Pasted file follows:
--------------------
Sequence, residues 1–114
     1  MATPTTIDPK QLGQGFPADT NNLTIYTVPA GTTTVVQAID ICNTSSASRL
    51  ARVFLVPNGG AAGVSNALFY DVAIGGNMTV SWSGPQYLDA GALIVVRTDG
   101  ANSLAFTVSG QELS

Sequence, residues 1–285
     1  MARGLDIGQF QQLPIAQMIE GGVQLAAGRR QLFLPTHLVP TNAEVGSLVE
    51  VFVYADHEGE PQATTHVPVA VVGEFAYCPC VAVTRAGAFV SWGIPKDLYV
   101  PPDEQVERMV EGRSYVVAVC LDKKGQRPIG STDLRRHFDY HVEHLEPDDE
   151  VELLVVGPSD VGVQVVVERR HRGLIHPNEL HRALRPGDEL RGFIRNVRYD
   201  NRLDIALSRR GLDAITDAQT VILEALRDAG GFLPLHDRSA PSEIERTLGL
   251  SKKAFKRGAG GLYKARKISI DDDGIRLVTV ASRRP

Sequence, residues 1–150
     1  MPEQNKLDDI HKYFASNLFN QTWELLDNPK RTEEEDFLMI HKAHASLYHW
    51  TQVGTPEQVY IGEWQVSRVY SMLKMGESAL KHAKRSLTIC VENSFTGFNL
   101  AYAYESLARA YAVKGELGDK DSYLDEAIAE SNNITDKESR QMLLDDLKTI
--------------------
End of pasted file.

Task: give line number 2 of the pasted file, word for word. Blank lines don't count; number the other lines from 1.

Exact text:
     1  MATPTTIDPK QLGQGFPADT NNLTIYTVPA GTTTVVQAID ICNTSSASRL